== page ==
Glenn Beck says that this Saturday’s 8/28 rally “Restoring Honor” is about far more than just politics.
“This isn’t a rah-rah USA kind of thing. This is a sacred reflective spot in our nation… the Reflecting Pool,” said Glenn Beck, in an exclusive interview with Townhall.com and Townhall Magazine. “I think if you stand between Lincoln and Washington, spiritually, mentally, morally, we will heal our country.”
Healing his country is at the top of the agenda for the media mogul, who has recently introduced a prayer to his daytime radio show and frequently touches on his spiritual background during his top-ranked cable program. Restoring Honor rally is one way to propel his talk into action, and to provide a platform for agenda items that he plans on releasing at the rally.
“We have worked very, very hard on something that is extraordinarily delicate and fragile. It will be announced at the end of this, as the beginning of something that I believe will have restorative change as a result,” said Glenn Beck. “I don’t mean restore it back 2000, or George Bush, I mean restore us back to where we belong and where we should be as a nation and where we have been very few times in our nation’s history.”
Whatever it is has not been done in 240 years, according to Beck. He did not say if that was a reference to the Badge of Military Merit, issued in 1780, or has something to do with our nation’s founding, in 1776.
The Glenn Beck rally will take place between 10 and 2pm, and will include a number of key figures, such as Sarah Palin, singer Jo Dee Messina, and Marcus Luttrell, who was awarded the Navy Cross in 2005. Dr. Alveda King and other African-American leaders will also be in attendance, flying in the face of criticism that Beck is hijacking the anniversary of Martin Luther King Jr.'s "I Have A Dream" speech, which took place on the same day and location in 1963.
“There is a revolution coming, whether you like it or not, whether that be a hot revolution or a cold revolution. A revolution is already underway in America,” said Beck. “Now who’s going to win? Is it going to be those who understand the Constitution and our founding principles and know that we have gone off those principles decades ago? Or are we going to throw this baby out with the bath water and say “we have got to try something entirely new”? That’s the question of our age and we better decide which side you are on.”
It’s clear which side Beck is on. Through a mix of Christian theology and political evangelism, he’s established himself as a man who is nothing if not dedicated to our Constitution and a religious order.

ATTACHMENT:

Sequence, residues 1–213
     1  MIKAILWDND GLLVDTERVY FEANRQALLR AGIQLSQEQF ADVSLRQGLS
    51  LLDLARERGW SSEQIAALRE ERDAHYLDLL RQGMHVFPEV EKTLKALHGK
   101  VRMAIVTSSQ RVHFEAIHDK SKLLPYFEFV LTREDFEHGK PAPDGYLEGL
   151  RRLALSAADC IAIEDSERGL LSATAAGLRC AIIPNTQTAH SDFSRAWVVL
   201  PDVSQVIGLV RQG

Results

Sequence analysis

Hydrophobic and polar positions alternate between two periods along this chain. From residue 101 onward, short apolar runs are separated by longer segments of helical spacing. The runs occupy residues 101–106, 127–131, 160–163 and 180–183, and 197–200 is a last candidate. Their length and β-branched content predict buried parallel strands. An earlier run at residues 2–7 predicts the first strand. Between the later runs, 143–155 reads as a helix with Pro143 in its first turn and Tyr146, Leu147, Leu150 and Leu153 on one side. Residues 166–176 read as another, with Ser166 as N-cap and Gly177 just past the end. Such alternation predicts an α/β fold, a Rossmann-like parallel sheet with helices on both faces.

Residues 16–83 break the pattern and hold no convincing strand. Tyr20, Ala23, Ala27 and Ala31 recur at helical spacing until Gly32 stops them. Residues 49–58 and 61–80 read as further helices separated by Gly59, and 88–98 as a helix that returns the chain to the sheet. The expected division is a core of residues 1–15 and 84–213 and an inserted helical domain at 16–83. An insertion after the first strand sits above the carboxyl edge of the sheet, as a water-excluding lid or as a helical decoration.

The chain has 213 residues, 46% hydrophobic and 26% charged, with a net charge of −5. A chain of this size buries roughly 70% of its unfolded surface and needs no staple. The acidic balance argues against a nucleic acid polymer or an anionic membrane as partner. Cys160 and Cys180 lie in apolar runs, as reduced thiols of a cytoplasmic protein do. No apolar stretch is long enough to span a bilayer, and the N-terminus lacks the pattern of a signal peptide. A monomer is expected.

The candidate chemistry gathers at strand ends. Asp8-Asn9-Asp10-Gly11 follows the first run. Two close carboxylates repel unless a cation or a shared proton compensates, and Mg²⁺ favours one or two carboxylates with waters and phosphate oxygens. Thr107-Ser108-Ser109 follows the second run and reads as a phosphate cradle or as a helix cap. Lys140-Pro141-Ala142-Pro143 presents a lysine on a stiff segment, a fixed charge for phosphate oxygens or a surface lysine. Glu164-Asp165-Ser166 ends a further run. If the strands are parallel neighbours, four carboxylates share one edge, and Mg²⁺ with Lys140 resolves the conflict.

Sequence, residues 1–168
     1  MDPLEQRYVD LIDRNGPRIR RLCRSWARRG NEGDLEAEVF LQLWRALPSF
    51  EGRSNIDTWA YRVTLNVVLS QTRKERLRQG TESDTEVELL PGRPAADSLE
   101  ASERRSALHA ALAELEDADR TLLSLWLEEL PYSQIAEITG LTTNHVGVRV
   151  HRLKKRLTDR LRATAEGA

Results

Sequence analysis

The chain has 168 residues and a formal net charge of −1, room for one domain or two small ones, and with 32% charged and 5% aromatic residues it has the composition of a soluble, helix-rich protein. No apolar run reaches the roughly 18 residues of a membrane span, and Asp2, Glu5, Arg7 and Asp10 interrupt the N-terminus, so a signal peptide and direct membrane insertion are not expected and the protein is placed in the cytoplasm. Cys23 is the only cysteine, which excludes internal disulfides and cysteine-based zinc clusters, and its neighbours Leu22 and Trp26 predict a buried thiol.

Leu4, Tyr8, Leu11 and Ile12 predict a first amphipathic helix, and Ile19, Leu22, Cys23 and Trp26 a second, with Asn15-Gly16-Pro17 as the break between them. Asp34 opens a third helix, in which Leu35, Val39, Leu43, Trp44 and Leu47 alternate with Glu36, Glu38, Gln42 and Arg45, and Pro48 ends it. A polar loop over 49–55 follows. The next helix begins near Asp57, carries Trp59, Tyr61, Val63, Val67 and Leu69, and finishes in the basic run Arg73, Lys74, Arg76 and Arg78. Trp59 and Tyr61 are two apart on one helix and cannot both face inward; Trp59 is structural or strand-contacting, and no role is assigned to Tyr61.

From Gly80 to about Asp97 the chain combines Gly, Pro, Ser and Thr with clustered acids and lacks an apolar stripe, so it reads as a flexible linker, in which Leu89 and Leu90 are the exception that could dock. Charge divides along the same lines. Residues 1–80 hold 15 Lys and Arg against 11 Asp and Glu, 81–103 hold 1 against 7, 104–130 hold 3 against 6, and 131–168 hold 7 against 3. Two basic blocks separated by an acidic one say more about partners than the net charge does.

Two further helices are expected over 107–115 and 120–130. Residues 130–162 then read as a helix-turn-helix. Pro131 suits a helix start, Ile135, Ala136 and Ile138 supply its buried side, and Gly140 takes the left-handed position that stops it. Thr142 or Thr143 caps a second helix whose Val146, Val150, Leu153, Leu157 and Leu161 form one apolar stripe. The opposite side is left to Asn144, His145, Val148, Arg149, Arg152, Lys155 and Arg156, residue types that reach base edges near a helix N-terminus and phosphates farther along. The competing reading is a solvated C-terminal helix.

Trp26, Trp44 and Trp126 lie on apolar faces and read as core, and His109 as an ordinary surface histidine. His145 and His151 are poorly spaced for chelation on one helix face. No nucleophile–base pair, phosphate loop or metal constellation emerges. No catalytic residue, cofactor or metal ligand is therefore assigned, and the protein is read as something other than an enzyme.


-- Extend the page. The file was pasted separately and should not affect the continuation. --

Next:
“I see this as a George Washington said, ‘Meet me on the battlefield of ideas.’…Does man have a right to decide his own destiny without the coddling of the collective? Does man pay for the sins of the mistakes of his father or for the grandeur of his father does he get reward? Or does a man have to stand on his own two feet and live and die in his own merit with the understanding that there are some, some, in our society that just can’t stand on their own two feet and we have a responsibility to take care of those. Is that where we are headed?”
Perhaps another option is an oligarchy, said Glenn Beck. He is especially concerned about the intersection of politics and power. “Or are we headed towards… some sort of controlling government that will only allow man to expand, succeed, and fail just so much. That’s the first battle and that’s the battlefield of ideas,” he said.
Beck has received scores of criticism from those who say the timing of his rally – on the anniversary of Martin Luther King’s "I Have a Dream" speech – seeks to overshadow the civil rights movement in a negative or demeaning way. For example, Media Matters has titled the event Glenn Beck's 8-28 "reclaim the civil rights movement" rally. But Beck is nonplussed.
“I’ve read Martin Luther King’s speeches, I’ve read his sermons, I have listened and respect the words he said, I take him at his face value and that is to follow God, listen to God, be peaceful, but stand for the right of man to be equal and have an equal shot,” said Beck. “That it is not about the color of skin, it is about the content of character. I don’t know if there is going to be a word on stage that Martin Luther King would disagree with.”
One-thousand buses have reserved space in D.C. for the Glenn Beck Rally. By comparison, there were about 3000 buses for President Obama’s inauguration.
Stay tuned for a full transcript of Beck's exclusive interview with Townhall.